4 minute read

Octavia Estelle Butler Biography

Nationality: American. Born: Pasadena, California, 1947. Education: Pasadena City College, A.A. 1968. Awards: Fifth prize, Writer's Digest Short Story Contest, 1967; Creative Arts Achievement award (Los Angeles YWCA), 1980; Hugo award (World Science Fiction Convention), 1984, 1985; Nebula award (Science Fiction Writers of America), 1985; Locus award (Locus magazine), 1985; Best novelette award (Science Fiction Chronicle Reader), 1985; MacArthur fellowship, 1995.



Patternmaster. New York, Doubleday, 1976.

Mind of My Mind. New York, Doubleday, 1977.

Survivor. New York, Doubleday, 1978.

Kindred. New York, Doubleday, 1979; second edition, Boston, Beacon Press, 1988.

Wild Seed. New York, Doubleday, 1980.

Clay's Ark. New York, St. Martin's Press, 1984.

Dawn: Xenogenesis. New York, Warner Books, 1987.

Adulthood Rites: Xenogenesis. New York, Warner Books, 1988.

Imago. New York, Warner Books, 1989.

The Evening and the Morning and the Night. Eugene, Oregon, Pulphouse, 1991.

Parable of the Sower. New York, Warner Books, 1995.

Parable of the Talents. New York, Seven Stories Press, 1998.

Lilith's Brood. New York, Warner Books, 2000.

Short Stories

Bloodchild and Other Stories. New York, Four Walls Eight Windows, 1995.


Contributor, Tales from Isaac Asimov's Science Fiction Magazine: Short Stories for Young Adults, edited by Sheila Williams and Cynthia Manson. San Diego, Harcourt Brace Jovanovich, 1986.

Contributor, Omni Visions One, edited by Ellen Datlow. Greensboro, North Carolina, Omni Books, 1993.

Contributor, Invaders, edited by Jack Dann and Gardner Dozois. NewYork, Ace Books, 1993.

Contributor, Women of Wonder: the Classic Years—Science Fiction by Women from the 1940s to the 1970s, edited by Pamela Sargent. HBH/Harvest, 1995.

Contributor, Virtually Now: Stories of Science, Technology and the Future, edited by Jeanne Schinto. Persea, 1996.


Critical Studies:

Octavia Butler by Marleen S. Barr, Mercer Island, Washington, Starmont House, 1986; Across the Wounded Galaxies: Interviews with Contemporary American Science Fiction Writers, edited by Larry McCaffery, Urbana, University of Illinois Press, 1990; Ecofeminist Literary Criticism: Theory, Interpretation, Pedagogy, edited by Greta Gaard and Patrick D. Murphy, Urbana, University of Illinois Press, 1990; American Science Fiction and Fantasy Writers by Clare L. Datnow, Springfield, New Jersey, Enslow Publishers, 1999; A Companion Text for Kindred by Janet Giannotti, Ann Arbor, University of Michigan Press, 1999.

* * *

The many efforts by literary critics to define the work of Octavia E. Butler speak to their challenge and the author's complexity. Among the categories Butler has fallen into: science fiction writer, African-American writer, feminist writer, and speculative fiction writer. But none seem to capture the eerie depth of Butler's work, which includes more than 10 works.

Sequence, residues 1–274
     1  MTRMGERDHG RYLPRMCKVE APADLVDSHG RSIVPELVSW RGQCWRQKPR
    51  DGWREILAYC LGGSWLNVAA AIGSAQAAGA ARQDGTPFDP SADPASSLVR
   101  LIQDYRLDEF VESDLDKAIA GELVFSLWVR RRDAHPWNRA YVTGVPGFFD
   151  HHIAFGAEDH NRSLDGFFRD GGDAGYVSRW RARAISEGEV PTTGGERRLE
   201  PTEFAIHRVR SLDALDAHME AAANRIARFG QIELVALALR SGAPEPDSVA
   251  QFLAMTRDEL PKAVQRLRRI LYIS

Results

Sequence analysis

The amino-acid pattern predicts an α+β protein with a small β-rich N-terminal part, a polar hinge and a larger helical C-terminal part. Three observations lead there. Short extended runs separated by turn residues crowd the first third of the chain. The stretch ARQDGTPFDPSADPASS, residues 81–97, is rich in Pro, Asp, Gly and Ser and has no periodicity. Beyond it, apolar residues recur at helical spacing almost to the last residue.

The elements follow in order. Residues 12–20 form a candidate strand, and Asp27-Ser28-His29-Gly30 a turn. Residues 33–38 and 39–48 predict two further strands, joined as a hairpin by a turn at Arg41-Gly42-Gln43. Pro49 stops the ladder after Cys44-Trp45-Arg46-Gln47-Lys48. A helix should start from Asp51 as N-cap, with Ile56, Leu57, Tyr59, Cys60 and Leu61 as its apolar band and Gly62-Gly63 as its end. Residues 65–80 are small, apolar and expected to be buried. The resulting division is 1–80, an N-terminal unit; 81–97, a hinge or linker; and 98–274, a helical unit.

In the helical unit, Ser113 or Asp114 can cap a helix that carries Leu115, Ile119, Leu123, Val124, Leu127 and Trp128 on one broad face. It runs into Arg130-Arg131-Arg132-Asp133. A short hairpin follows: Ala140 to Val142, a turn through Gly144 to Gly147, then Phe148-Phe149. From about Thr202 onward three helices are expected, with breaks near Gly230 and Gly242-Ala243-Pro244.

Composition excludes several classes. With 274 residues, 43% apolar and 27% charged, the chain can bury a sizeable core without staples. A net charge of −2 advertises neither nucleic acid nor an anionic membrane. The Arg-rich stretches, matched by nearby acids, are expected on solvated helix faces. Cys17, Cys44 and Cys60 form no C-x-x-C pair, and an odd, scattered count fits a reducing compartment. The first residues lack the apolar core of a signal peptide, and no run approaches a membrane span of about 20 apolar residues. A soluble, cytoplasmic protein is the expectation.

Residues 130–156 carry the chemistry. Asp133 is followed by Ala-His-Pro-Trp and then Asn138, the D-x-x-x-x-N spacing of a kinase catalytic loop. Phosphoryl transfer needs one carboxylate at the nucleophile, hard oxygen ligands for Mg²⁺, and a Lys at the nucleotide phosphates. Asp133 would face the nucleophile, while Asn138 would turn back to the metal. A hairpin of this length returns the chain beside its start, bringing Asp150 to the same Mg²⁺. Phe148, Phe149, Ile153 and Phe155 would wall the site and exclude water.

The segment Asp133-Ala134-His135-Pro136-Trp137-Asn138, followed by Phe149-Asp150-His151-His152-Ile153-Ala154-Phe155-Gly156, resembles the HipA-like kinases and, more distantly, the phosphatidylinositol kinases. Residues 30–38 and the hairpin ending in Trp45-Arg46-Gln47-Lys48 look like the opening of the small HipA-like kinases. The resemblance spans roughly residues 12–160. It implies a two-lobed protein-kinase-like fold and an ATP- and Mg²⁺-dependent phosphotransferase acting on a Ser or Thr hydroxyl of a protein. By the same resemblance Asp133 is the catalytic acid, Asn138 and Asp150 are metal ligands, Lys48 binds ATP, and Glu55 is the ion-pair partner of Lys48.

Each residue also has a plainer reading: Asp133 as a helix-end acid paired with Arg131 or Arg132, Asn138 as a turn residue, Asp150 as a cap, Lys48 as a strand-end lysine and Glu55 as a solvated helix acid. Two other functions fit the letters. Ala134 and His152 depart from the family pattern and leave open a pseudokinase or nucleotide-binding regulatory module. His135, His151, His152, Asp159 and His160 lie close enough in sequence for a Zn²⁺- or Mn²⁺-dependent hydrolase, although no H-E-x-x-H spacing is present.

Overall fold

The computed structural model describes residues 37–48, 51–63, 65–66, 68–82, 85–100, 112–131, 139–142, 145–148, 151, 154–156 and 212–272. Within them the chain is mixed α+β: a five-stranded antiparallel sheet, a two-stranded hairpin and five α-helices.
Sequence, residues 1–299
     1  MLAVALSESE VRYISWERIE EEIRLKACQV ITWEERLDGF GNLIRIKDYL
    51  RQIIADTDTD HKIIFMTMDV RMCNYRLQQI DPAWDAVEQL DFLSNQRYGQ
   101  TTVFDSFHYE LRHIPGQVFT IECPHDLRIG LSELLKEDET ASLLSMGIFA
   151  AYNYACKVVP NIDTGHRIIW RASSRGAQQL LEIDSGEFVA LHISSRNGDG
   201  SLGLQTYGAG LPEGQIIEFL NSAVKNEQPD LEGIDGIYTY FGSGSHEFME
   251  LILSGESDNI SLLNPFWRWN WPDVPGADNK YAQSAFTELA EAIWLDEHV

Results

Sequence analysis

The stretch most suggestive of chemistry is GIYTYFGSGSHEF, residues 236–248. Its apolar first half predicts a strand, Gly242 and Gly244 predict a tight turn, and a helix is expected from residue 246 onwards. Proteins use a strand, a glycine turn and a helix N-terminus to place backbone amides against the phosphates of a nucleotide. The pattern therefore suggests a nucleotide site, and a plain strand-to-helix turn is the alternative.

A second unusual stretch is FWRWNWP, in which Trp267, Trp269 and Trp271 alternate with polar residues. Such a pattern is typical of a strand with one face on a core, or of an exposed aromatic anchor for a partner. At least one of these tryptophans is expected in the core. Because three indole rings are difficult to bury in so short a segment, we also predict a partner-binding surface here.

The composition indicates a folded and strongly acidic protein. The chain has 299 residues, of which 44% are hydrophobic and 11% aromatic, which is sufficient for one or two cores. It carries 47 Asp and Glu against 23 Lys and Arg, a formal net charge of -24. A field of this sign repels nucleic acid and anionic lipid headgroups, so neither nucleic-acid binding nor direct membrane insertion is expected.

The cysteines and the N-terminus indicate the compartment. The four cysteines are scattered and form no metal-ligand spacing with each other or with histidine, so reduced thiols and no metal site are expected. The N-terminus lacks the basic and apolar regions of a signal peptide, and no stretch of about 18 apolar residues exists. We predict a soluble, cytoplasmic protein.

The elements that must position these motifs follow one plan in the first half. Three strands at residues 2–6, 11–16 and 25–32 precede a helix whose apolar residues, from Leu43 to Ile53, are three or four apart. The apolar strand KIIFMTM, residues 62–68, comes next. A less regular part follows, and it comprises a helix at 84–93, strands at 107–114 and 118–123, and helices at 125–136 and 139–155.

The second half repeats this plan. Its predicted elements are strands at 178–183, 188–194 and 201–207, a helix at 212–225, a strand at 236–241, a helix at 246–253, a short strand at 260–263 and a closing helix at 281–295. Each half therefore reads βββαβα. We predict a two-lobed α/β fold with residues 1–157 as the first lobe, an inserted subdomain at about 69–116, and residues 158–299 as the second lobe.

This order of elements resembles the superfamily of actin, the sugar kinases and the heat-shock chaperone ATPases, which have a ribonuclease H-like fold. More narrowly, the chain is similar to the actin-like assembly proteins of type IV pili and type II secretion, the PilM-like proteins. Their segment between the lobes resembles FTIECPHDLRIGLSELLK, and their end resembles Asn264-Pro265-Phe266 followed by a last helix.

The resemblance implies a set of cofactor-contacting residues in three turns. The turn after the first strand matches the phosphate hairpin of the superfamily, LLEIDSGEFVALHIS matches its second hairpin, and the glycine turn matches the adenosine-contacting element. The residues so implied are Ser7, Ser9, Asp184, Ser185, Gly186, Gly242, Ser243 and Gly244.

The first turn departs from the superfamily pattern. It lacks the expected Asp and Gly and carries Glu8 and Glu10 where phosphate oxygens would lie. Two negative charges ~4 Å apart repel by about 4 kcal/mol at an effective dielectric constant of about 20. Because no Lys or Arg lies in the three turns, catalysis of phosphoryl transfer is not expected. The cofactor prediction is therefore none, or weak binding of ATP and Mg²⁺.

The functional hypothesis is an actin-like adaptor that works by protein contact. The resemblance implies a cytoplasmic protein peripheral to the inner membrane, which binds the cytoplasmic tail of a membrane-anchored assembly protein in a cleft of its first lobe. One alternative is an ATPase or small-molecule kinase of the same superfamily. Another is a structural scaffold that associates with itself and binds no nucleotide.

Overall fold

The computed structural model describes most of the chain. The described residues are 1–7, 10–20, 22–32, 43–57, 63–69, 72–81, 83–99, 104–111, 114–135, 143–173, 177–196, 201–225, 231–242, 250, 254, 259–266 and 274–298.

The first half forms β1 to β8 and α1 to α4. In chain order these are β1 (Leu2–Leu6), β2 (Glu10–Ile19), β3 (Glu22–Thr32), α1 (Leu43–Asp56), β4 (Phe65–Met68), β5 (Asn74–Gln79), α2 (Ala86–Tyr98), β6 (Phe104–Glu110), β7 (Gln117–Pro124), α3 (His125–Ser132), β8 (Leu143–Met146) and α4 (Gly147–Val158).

Butler has regularly garnered praise from literary critics, largely for her prose style and powerful female characters. The more Butler creates a character that is hard to pigeonhole, the more Butler herself displays a unique quality of writing. Her focus on issues of ethics, race, and gender are imbedded into her science fiction; but these issues do not consume the stories. Many critics have praised her for a social inquiry of sexual equality, and they have noted her intensely interesting focus on independent characters and the need for unity.

Four of her five earliest books have been dedicated to the Patternist series: Patternmaster, Mind of My Mind, Survivor, and Wild Seed. These books are about telepaths who are the central power figures on Earth. They are an integrated society, and central characters are often black women. This Patternist community started when Mary created a connection between mental abilities and actives who needed her help. There are many people needing help in these books, but they are often those struggling with latent mental abilities, or those who have been subsumed by diseases from travel. This new society based on mental acuity is also an imagined look at what the world would be like if men and women were truly equal. In Patternmaster, for example, a central female character becomes a man's mentor, has his baby, and saves him from evil forces without having any real desire to marry him. This is Butler's strong suit—imagining how a character would act in an equal society, how her decisions would be different, how real power would be an impetus to think individually and for others. Butler is certainly a proponent of love, but in this equal arrangement, her main characters are not about to simper around the parlor waiting for a man to take action.

In academic circles Butler is best known for her book Kindred about a contemporary African-American writer named Dana who is called back in time by her great-great-grandfather. He is a white plantation owner, and needs Dana to keep him from death. Without Dana's protection he will die, and consequently, Dana will not be born, either. This complex interconnection of races, and the mix of time periods, led to much praise for this book.

Parable of Talents, a more recent book, continues the story originated in Parable of the Sower. The story is set in 2032, when religious extremists have won government office. Lauren Olamina embraces another religious belief: Earthseed. Olamina sees herself as a future leader in this religion that focuses on mastering change, and sees truth in the stars. Parable of Talents shows the rift between Lauren and her daughter over this faith. The book has been highly praised for its eloquent writing and depth of character.

—Maureen Aitken

Additional topics

Brief BiographiesBiographies: Katie Burke (1953–) Biography - Personal to Galeazzo Ciano (1903–1944) Biography